Inviting one into your mess can be a truly humbling experience.

I was reminded of this earlier in the week when a complete stranger knocked on our door. At first I thought it was a friend who lived in our neighborhood but was extremely surprised when I opened the door to a young man. (Wow, did I really just say that?) He looked to be early twenties and had that fresh out of college confidence about him. He was talking about spraying for the seasonal nuisances that seem to linger around our homes.
I offered to get the hubs because I didn't want to make a decision like this without him.
Before I knew it, the dog was snarling and barking. He had followed the hubs into our home to discuss further.  I silently cringed as he walked into the kitchen with dishes piled in the sink and made his way into the living room that looked as if a band of wild animals came through.   I couldn't have been more embarrassed until he pointed out a cobweb in the kitchen and said he would take care of that too.
So, I'll probably never see this young man again but, once the red of embarrassment left my face I started thinking.

When you invite people into your mess, you can look at it from two different perspectives.  Some people have the emotional messy while others have personal messy (some have a little of both...).

I'm finding out when you let people see the mess, the reality of who you are makes you approachable and real. It always makes me feel better to meet someone that doesn't have it all together either.  When they fight similar battles it gives you some common ground.

Elbert Hubbard says "A friend is someone who knows all about you and still loves you.

I've spent so many years building up walls to keep people out, that now it feels foreign to invite friends over at times. I always wanted to step out and invite the few close friends I've made over. I never felt that my house measured up and as silly as it may sound, I thought the way my house looked on the inside (I like to call it "lived in and loved on") wold make them want to run for the hills.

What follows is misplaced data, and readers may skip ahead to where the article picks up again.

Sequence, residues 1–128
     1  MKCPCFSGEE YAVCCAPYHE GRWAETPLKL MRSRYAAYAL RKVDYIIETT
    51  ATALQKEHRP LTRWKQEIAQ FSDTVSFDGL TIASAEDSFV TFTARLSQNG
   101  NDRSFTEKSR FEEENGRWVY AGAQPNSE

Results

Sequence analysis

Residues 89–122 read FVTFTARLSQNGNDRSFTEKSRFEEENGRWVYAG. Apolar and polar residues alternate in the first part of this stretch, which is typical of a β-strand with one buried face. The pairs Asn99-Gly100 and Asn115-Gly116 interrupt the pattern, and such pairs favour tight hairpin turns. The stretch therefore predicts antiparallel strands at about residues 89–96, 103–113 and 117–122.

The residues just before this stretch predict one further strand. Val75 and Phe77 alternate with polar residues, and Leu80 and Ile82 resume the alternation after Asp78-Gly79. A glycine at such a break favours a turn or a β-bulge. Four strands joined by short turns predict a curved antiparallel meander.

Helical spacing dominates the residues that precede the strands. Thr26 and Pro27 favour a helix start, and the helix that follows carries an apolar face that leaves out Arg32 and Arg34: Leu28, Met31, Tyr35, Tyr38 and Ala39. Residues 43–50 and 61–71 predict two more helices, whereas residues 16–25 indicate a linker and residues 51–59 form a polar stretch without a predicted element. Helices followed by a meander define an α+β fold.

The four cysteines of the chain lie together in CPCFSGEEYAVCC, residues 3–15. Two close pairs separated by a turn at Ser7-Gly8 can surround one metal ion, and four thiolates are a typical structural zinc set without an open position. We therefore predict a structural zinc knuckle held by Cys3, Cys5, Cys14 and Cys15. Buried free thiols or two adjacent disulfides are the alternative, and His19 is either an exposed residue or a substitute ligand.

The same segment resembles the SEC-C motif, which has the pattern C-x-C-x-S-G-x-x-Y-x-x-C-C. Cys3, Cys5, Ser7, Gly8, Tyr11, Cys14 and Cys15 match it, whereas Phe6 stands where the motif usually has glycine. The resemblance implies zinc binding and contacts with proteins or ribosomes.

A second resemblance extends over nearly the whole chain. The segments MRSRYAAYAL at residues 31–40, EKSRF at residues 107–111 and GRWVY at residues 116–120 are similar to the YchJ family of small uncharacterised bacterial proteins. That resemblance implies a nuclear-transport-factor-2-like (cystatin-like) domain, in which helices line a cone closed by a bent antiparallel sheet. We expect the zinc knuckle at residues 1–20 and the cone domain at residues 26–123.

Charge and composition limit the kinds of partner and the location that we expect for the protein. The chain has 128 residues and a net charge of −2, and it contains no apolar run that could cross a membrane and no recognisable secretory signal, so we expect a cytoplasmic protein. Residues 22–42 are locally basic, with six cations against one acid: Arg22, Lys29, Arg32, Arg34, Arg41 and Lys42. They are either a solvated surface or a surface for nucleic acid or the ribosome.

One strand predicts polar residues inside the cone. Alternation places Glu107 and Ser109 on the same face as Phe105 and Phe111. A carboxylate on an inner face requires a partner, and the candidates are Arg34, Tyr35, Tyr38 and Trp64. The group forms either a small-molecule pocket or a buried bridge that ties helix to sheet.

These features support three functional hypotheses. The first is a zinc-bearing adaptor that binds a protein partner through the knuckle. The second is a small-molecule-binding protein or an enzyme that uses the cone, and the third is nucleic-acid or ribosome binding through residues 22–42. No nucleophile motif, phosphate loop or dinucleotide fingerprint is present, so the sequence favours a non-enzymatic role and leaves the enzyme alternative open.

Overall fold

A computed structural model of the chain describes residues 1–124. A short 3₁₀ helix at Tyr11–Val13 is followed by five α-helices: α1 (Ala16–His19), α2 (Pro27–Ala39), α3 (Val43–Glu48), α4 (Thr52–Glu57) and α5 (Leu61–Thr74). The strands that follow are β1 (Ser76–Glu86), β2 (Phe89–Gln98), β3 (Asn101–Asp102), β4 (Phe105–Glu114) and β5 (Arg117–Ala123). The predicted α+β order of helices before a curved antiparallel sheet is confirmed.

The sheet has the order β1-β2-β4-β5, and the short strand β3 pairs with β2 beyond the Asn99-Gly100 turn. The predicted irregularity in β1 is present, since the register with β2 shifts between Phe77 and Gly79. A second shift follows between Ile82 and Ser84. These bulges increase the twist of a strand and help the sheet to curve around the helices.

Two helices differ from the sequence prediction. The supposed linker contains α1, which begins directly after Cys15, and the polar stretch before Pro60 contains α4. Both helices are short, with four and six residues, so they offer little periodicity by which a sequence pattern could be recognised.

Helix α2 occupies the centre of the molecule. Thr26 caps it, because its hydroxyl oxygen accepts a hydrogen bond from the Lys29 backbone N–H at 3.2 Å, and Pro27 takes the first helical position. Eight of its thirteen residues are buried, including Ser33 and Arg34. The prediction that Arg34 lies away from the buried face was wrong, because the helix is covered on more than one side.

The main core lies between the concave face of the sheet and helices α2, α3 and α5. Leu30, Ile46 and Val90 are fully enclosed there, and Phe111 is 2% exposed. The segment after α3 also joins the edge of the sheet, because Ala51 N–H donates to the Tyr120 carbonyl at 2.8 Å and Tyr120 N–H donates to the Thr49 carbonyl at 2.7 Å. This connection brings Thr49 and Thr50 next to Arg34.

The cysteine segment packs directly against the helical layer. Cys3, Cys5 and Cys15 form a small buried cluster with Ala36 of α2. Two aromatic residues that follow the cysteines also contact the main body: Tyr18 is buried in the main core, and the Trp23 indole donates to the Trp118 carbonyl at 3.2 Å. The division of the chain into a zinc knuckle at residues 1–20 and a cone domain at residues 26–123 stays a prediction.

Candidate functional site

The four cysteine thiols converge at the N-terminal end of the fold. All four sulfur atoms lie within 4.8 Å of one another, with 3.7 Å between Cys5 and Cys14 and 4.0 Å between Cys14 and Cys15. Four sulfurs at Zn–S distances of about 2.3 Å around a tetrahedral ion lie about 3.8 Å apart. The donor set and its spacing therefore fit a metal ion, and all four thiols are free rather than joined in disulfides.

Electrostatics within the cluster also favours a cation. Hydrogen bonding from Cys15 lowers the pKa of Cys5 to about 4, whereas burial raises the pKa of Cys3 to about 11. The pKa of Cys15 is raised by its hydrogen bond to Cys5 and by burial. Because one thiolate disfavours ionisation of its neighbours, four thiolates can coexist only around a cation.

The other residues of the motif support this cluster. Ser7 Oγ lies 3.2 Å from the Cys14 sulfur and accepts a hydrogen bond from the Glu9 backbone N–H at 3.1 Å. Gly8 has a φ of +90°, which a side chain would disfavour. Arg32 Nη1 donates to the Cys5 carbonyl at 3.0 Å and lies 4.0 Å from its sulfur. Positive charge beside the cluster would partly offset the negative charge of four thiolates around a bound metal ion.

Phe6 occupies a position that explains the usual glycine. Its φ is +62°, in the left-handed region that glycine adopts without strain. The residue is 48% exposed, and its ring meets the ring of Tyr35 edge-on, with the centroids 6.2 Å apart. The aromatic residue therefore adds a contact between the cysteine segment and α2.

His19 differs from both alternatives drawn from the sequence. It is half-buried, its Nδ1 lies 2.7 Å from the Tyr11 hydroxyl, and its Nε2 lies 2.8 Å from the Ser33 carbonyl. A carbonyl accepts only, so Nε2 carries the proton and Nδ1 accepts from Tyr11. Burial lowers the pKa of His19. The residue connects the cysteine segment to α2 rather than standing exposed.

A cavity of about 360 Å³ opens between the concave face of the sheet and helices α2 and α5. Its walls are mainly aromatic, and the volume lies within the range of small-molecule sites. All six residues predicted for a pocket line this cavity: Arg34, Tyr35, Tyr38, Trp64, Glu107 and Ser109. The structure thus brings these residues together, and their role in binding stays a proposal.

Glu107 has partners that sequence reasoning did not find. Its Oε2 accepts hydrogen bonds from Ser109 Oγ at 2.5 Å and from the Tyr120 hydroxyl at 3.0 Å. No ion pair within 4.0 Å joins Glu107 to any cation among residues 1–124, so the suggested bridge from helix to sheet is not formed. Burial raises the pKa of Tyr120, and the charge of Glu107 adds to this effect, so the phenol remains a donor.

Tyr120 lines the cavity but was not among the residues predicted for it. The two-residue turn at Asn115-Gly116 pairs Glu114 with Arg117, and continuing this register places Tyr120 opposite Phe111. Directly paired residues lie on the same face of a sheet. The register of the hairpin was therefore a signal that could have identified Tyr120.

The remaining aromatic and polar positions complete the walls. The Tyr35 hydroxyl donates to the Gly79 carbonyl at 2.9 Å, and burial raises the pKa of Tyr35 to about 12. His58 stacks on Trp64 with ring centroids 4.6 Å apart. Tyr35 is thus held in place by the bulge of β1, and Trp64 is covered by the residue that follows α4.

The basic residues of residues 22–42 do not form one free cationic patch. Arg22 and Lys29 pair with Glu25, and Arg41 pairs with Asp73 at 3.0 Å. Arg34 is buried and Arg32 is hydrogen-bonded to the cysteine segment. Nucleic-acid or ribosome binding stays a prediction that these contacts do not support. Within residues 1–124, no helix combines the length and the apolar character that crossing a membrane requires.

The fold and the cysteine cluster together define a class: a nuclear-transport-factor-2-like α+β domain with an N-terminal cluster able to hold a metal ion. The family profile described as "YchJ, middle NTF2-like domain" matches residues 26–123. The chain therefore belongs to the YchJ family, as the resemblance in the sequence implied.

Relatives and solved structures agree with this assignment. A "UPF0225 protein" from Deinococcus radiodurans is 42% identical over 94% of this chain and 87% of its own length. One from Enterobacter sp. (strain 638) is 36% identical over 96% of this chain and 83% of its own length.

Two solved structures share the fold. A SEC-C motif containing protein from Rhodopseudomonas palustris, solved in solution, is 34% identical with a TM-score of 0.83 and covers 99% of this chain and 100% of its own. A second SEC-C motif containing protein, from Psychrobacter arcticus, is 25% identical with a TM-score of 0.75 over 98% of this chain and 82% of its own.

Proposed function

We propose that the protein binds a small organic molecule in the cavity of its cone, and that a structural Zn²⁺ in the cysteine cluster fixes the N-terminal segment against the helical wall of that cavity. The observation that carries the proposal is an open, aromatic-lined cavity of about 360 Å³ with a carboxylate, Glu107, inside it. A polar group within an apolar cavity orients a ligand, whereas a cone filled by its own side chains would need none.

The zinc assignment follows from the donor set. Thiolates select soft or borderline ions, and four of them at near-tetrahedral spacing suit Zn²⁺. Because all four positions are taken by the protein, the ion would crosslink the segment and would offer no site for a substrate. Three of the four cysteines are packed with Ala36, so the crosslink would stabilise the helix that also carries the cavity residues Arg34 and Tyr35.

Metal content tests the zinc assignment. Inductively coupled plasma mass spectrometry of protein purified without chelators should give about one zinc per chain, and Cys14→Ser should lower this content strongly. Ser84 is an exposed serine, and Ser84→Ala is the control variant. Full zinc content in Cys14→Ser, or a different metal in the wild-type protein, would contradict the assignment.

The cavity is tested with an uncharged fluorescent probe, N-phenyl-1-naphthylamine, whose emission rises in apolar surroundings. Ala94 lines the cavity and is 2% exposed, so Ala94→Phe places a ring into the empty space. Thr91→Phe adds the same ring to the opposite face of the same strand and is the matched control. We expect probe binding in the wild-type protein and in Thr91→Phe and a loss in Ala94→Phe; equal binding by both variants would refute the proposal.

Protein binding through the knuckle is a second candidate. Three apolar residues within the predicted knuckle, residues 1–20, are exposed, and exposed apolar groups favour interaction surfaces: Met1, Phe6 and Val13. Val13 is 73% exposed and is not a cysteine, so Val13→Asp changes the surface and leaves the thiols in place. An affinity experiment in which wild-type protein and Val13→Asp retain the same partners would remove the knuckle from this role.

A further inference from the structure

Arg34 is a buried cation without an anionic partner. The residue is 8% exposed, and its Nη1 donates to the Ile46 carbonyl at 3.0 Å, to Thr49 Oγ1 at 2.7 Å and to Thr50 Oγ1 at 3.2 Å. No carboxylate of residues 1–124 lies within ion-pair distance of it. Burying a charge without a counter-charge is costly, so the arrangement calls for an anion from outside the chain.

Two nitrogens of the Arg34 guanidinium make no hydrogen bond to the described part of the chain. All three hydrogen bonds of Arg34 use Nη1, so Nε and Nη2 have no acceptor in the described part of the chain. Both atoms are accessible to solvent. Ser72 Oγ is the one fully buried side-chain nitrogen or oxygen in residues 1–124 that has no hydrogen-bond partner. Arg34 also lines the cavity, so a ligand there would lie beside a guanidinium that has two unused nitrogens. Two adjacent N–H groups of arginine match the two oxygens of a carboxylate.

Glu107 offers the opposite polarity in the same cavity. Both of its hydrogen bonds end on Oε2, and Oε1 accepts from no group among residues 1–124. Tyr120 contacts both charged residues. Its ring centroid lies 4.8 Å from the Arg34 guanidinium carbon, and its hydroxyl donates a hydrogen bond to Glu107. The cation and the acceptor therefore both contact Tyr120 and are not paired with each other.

I should've known a long time ago that wasn't true and even if it were, as mom used to say, "they weren't a true friend anyway".

I've slowly been letting my guard down. One messy kitchen, by cluttered dining table at a time. I've found our friends  don't care that some Saturday nights my kitchen sink is piled high with dirty dishes and the floor is covered with the telltale muddy foot/paw prints of Spring weather. They don't gasp at the occasional dust on my window ledges, or the pile of shoes at the back door.
They didn't come to do a home inspection for crying out loud! They came to visit and hangout with the hubs and I, not our home.

In regards to the emotionally messy, I would venture to say most everyone has been there. Something happens that changes you. Sometimes an unexpected tragedy leaves us raw and alive with emotions we never knew we were capable of feeling. True friends, have seen us in these moments and through these moments. They bring us coffee or offer to take the kids for an hour while we go for a drive. They sit with us while we cry, sometimes not knowing what to say but they stick by us nonetheless.  You know you've found a true friend when they can hang with you in the mess.

“Friendship is the hardest thing in the world to explain. It's not something you learn in school. But if you haven't learned the meaning of friendship, you really haven't learned anything.” 
― Muhammad Ali

As Iron sharpens iron, so a man sharpens the countenance of his friend.
Proverbs 27:17 NKJV

Linking with Bonnie Gray at The Faith Barista


photo credit: <a href="">Happy Birthday, Lisa!</a> via <a href="">photopin</a> <a href="">(license)</a>

Leave a Reply